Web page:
Where do you get your ideas? Stop! Read “Snippet: Love” first if you’re going to read this one.
…which is the under-two-hundred-word flash fiction (snippet) that I submitted to the Banshee studios contest (see April 17th). The theme of the contest for flash fiction is “journeys.” I decided not to go for the obvious choices, like the cross-country road trip to “find yourself,” travels back to the hometown, travels into the past, future, or alternate timelines, etc.
Hm. For some reason, I’m thinking about dreams that I had during my college years. There was one in which my self and a couple of other people ended up in an amusement park that was going to be sabotaged by the Grey Man, a character that ran through a bunch of my dreams for reasons that I won’t go into now. I wrote a story about it, “Eleven Dreams, Remembered” that I liked then but would probably groan over now. I haven’t thought about the story or about the Grey Man in years. Hm, hm, and more hmmmmm…
So. I’m thinking about 1) a journey, 1a) but not an obvious journey. Some subtext running around in the back of my mind is 1b) clowns. I’ve talked to people about their fear of clowns. I wonder if there are more people who are afraid of clowns or spiders. If you were afraid of both clowns and spiders, and you were trapped in a room filling with a deadly poisonous gas, and there were two exits, one guarded by a clown and the other guarded by spiders, which would you pick? Anyway, Clowns.
The story at this point centers on the daughter, who wanders off into the amusement park, gets lost, is chased by clowns, etc., etc., and finally finds her mother, who doesn’t love the kid anyway. Bleah. Besides, the mother is much more interesting. How about from the mother’s point of view? Blah, blah, blah, feeling sorry for herself, she finally notices that her daughter has disappeared, and has to go looking for her. Does she find her daughter? Does something change? Is there a happily ever after?
At this point I’m hit by idea no. 2: “And then she woke up.”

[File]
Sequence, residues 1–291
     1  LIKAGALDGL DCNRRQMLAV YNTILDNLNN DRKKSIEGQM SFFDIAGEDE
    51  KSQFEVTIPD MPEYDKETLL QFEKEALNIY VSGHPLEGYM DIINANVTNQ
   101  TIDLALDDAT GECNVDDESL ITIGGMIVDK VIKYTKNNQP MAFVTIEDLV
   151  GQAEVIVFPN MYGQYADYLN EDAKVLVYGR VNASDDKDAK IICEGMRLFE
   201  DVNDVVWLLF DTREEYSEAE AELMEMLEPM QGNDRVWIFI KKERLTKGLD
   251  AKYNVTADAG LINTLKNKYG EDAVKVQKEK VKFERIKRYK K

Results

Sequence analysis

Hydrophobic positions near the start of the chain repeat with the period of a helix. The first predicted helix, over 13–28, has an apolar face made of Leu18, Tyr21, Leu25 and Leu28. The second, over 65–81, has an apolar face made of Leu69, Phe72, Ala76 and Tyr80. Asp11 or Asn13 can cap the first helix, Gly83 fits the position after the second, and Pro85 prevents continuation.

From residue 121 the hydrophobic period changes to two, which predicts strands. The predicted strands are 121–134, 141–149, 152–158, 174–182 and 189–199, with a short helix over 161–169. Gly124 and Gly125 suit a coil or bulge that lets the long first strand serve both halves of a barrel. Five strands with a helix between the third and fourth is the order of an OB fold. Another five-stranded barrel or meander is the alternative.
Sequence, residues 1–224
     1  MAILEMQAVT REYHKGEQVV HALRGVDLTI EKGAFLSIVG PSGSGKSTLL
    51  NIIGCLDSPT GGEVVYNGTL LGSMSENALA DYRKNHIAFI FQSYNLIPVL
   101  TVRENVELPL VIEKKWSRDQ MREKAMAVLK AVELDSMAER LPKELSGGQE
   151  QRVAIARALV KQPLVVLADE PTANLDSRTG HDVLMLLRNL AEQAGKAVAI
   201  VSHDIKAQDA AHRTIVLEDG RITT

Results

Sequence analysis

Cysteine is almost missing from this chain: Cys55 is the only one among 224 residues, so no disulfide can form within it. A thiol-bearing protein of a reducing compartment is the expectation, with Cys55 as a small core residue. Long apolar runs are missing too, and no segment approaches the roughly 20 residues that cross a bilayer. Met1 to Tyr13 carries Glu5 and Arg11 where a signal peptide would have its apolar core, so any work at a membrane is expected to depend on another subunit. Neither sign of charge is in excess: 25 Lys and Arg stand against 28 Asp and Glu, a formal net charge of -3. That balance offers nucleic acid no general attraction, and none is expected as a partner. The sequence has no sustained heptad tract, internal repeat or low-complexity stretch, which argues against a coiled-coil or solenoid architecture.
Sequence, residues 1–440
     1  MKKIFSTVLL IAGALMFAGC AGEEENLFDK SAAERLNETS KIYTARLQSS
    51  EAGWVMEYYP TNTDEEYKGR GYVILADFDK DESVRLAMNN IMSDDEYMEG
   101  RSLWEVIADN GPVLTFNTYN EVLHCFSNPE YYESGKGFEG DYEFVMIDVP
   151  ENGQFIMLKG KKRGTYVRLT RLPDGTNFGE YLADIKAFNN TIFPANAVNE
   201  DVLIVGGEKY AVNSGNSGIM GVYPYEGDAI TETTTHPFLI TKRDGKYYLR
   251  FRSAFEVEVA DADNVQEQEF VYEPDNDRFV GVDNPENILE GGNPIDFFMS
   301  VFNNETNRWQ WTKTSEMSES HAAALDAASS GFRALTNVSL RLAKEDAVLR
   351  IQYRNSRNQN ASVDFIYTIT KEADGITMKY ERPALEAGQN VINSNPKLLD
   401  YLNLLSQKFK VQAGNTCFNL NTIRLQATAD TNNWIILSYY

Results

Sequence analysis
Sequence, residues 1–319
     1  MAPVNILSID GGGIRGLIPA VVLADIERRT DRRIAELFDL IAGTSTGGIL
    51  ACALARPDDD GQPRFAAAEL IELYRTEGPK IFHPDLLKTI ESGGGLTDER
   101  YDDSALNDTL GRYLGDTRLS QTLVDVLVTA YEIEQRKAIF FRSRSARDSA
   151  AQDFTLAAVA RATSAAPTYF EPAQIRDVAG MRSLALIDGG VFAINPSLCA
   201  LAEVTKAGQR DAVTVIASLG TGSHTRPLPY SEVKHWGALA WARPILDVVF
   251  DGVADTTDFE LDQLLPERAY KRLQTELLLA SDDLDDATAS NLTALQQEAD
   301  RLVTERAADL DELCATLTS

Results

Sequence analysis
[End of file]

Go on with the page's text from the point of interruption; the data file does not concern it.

LIke other writing cliches (mirrors, for example) you shouldn’t use them unless you’re doing something significant with them. A mirror isn’t just an excuse to give a character description. Likewise, a dream isn’t a deus ex machina that makes everything OK, like that whole dang season of “Dallas” and “Who shot JR?”
(Tangent: there are people out there, seemingly adult, who were Too Young For Dallas. The spiral of aging has begun. Soon, songs like “Friday I’m in Love” and “Personal Jesus” will be golden oldies.)
(If they haven’t already.)
Voila, the story. So I wrote it.
While I was dicking around with the word count, I started to notice that everything for the mother-character related back to her resentment for the requirements of “love.” I decided that she had a weird idea about love, having never felt it before, and was obsessed with it the way a virgin’s obsessed with sex. I decided that she was going to see herself in a funhouse mirror dressed as a clown, and having to walk through her image in order to escape the amusement park, a confrontational thing. The clown symbolized the fakery of her “love” in relationships, you see. She was going to have to admit that she was a fake, that she had no justification for her actions, etc.
Well, I decided that that was a little more hokey and overdone than I liked.
And it was way over 200 hundred words, anyway.
So I made a couple of changes: the character doesn’t get to look in a mirror, but she finds out what she’s become anyway, and the character doesn’t really get to escape the amusement park.
I left the ending open because…well, because I ran out of words, to tell you the truth. But I think I like it better this way. It’s like I’ve written my own little Rorshach blob, and just because I see the ending in a particular way (and I do) doesn’t mean anyone else has to. I have to wonder what the people that design actual Rorschach blobs see when they do them. You can’t just drop ink on paper and fold it over: some ink blobs are going to be unsatisfactory, either blobbing in uninteresting ways (such as a circle) or not blobbing at all, merely soaking through too strongly in one spot, with perhaps a single streak where the ink dripped onto the floor. You have to select the blobs, you know…
So what did I think the ending meant?
Some part of the character never wakes up. This is, to the character, a recurrent nightmare that she’ll keep having over and over again until…she doesn’t, for whatever reason. For some reason, I keep thinking that when you don’t resolve issues like this, when you live out a lie, part of your personality becomes trapped in a terrible fantasy world, isolated from reality, time, and the rest of the personality. The character has made a journey into her own soul, and she isn’t coming back.
But if you want to see it as a little Tales from the Crypt horror comic, go right ahead. Is free country, comrade.